The 2014 Holiday Show is tomorrow. Gerry’s two-part article about the Holiday show. “A Little History” and “How it’s done” follows a gallery of photos from the 2013 Holiday show. Photos by Margery Rubin
Click on any of thumbnail and then move in either direction through the captioned photos. Note: Before looking at the gallery, make the window as wide as possible, then the photos will be as big as possible.
Mark Wick and Gerry Stride
ABOUT THE SHOW — by Gerry Stride
Then — A Little History
Back in the day, and I can’t say when, the auditorium was where the lounge and library are now. Staff gathered and sang Christmas carols to the residents. This evolved into a bigger production when the auditorium was built. Bill Murphy and Mark Wick may be better historians of the early days. I came to work here and became part of the committee.
Mary McGlone was in charge of personnel and she headed the committee. We all helped her develop the script and rewrite songs but she was the director-producer of the show. In those days lots of times we were finishing the script 24 hours before the performance. It was in the day before we had computers. We researched material in the library, fake books and did not have the resources we have now. When Mary left I inherited the job. I think that was 1992.
P.S. A fake book is a collection of music with one line of music and the chords. Keyboard players use it. Mark likes it better than notes and written chords. editors note:wikipedia.org/wiki/Fake_book gives the history of fake books.
Now — How It’s Done
Now we begin in September with a brainstorming session. The first meeting we come with possible topics for the show. Then as a committee we decide which idea might have the most possibilities to develop into a script. Sometimes the original idea gets transformed as we develop it into a different show than we first thought. For that reason we usually keep our ideas within the committee until they blossom. It’s always a challenge to write the right act for ten different departments using each department’s best abilities.
We meet weekly until we’ve worked everything out. I have several additional faithful committee members who brainstorm with me…and we develop the script, change words to songs if needed and finally share the ideas with each department. There are usually one or two people in each department we can depend on to organize their group for practice and what they will wear.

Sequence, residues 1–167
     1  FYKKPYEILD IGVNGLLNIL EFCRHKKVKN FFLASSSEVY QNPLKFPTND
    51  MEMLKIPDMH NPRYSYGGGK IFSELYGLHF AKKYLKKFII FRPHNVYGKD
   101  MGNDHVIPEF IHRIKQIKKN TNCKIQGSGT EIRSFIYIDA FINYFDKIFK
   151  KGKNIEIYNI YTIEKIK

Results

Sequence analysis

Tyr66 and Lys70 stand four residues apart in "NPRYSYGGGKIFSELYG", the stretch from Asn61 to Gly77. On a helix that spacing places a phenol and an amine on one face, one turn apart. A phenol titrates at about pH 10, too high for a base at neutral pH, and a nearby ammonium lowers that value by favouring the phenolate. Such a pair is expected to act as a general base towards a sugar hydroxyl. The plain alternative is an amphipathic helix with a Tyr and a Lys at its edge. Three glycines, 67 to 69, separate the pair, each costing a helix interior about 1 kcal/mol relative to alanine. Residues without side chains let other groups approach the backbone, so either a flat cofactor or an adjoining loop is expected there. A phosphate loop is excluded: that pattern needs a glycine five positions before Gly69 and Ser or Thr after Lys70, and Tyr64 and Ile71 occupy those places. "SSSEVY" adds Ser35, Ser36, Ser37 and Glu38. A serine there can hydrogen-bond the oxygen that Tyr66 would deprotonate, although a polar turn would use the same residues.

Most departments practice on their own and then we rehearse with music for the first time the week of the show. Mark has been playing in shows for over thirty years and does a superb job with musical support. We added Joe Pantano with his keyboard in the early nineties and have including him ever since. Once on the way to the emergency room he stopped in the theater to tell us he couldn’t make practice. He was well enough to play for the show later that week.
Nancy Adams, Susan DeJacomo, Tammy Gerhart, Joanne Gartenmayer, Cathy Kissane, Marcy Smith, Jane Weston, Mark Wick and me. This year Marcy Smith did the black and white movie, burned CD’s for rehearsals and created the stage scenery with the help of Whitney Mapp and Leah Beckett. Lori Jakelsky printed tickets and announcements. Susan DeJacomo worked behind the scenes arranging rehearsal times and working the curtain. Jane Weston organizes the ticket distribution. Mary Calabrese orders costumes and props and was doing that long before I came on the scene. Cathy Kissane organizes the ushers.
All of the staff are very enthusiastic about participating and look forward to knowing what their role will be. They are always good sports about doing whatever is asked of them. It has been a standing tradition that we keep the program a surprise from the residents. In former years one resident
(name withheld) used to send bribes to Mary McGlone to be let in on the secret of the plot. Currently only Medford Leas staff plead and beg for an advance look at the script … they say it’s to meet their deadline, but it causes me to wonder …
My role is like that of the orchestra conductor. I try to put all the pieces together, typing the scripts, finding the skeet music, distributing parts, coordinating costumes and making it work as we conceived it. Our first full dress rehearsal is the first performance of the evening. In the end the final production is a surprise to me as well. You never know what or who will be the hit of the evening. When it’s all said and done most of the people tell me their favorite part of the show was Bill Murphy. Go figure!!